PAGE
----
Key Points:

In his spellbinding 2002 book The Conversations: Walter Murch and the Art of Editing Film, Michael Ondaatje quotes Orson Welles: the real film-maker is the editor, not the director and "the notion of 'directing' a film is the invention of critics".

It was an apt demonstration of the book's thesis but, since you can't cut what you haven't got, I prefer Robert Bresson's idea that a film is born three times: when it's written, when it's shot and when it's cut.

This book, the first attempt at a comprehensive survey of New Zealand cinematography, looks at the second stage in that process - and it has, in large part, a happy story to tell. The most loyal fans of New Zealand movies have wondered over the years how some films that made it into cinemas were even funded for a second draft of the screenplay. But even the sternest critic of this uneven output - and I have numbered myself among them - has to admit that some of the worst turkeys in our cinema look damn good.

It's not too much to say that New Zealand cinematographers are among the best in the world and, in the introduction, Petrie touches on the reason: the versatility and adaptability they have learned making movies in our island climate. Free of atmospheric haze, we are bathed in a harsh light that makes life tough for anyone capturing images, moving or still, on film or digital media.

The difference between light readings in full sunlight and full shadow "is probably more extreme than anywhere on the planet", one cinematographer is quoted as saying.

Another talks of the frustration in spring and autumn shoots of "clouds going across the sun", effectively turning the lights on and off, "and we just tear our hair out". It's no accident that Hollywood was established in southern California: no clouds disrupt schedules and, once they had filled the sky with smog, the diffuse light was perfect.

In surveying, in alphabetical order, the careers of our dozen best, devoting between 20 and 30 pages to each, Petrie - a Scot who took over as Professor of Film at the University of Auckland in 2004 - adds a volume to the reference literature and pays due credit to some of the most consistently professional craftsmen of our cinema.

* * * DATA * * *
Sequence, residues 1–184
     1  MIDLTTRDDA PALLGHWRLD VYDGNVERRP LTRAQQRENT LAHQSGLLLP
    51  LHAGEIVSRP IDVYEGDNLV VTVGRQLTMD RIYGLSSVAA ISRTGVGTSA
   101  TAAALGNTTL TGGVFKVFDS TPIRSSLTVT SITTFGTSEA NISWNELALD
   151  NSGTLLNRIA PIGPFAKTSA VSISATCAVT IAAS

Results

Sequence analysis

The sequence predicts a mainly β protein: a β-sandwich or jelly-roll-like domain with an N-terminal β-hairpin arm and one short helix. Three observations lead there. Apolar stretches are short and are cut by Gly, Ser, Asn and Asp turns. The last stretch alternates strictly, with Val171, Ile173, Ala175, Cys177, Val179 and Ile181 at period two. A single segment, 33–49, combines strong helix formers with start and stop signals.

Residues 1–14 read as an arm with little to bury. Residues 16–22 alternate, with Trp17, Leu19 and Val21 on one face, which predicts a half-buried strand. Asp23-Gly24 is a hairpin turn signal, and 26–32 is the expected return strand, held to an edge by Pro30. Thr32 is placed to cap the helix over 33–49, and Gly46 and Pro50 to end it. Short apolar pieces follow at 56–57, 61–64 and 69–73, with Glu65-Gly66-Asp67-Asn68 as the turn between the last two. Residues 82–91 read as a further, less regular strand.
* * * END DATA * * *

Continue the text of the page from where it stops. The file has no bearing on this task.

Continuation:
But anyone looking for the explication of the field promised by the title, or even an intelligent visual appreciation of New Zealand cinema, won't find it here. A book that never seems to decide what its audience is, Shot in New Zealand is littered with observations that are either obvious ("Cinematographers require a thorough knowledge of the technical aspects of their craft") or banal ("The Hercules films are also punctuated by dramatic shots of distinctive New Zealand landscapes, anticipating a similar integration of real environments and fantasy in The Lord of the Rings." Emphasis added).

Meanwhile, there are far too many occurrences of unexplained technical terminology. After a lifetime of enthusiastic moviegoing, I do not know what it means to say that a cinematographer was "using mini-brutes through tracing frames". That may be remiss of me, but it is a good deal more remiss of Petrie to have the phrase occur unexplained in a book. Ditto, perhaps, "neutral-density gels", "matte painting" - the finer points of which some people in the book's target audience may not have mastered - or even the definition and significance of continuity.

A glossary would have been useful since he is, presumably, aiming at a general audience. A chapter, perhaps an appendix, outlining some of the rudiments of the craft and explaining the complicated artifice deployed to sustain the illusion of naturalism would have been even better.

A passing mention in the introduction as to how lighting can serve a narrative function - which will come as no surprise to anyone who has seen a horror film - is not enough.

Beside this fundamental failure, some of the small carelessnesses - misspelled names and quotations unrelated to the point they purport to illustrate - only irritate. The genuinely interesting passages on the cinematographer's craft add up to a minute proportion of the text, too much of which gives synopsis or production history which is irrelevant, not to mention available elsewhere.

The Ondaatje book on editing is marvellous because it is the work of a passionately enthusiastic non-specialist as keen to understand his subject as to get the reader to appreciate and enjoy it.

By comparison, this is name-checking which will offer little to the initiated and leave the non-specialist little the wiser.

Like so many Kiwi films (and here is the most eloquent tribute to our cinematographers), it looks much better than it is.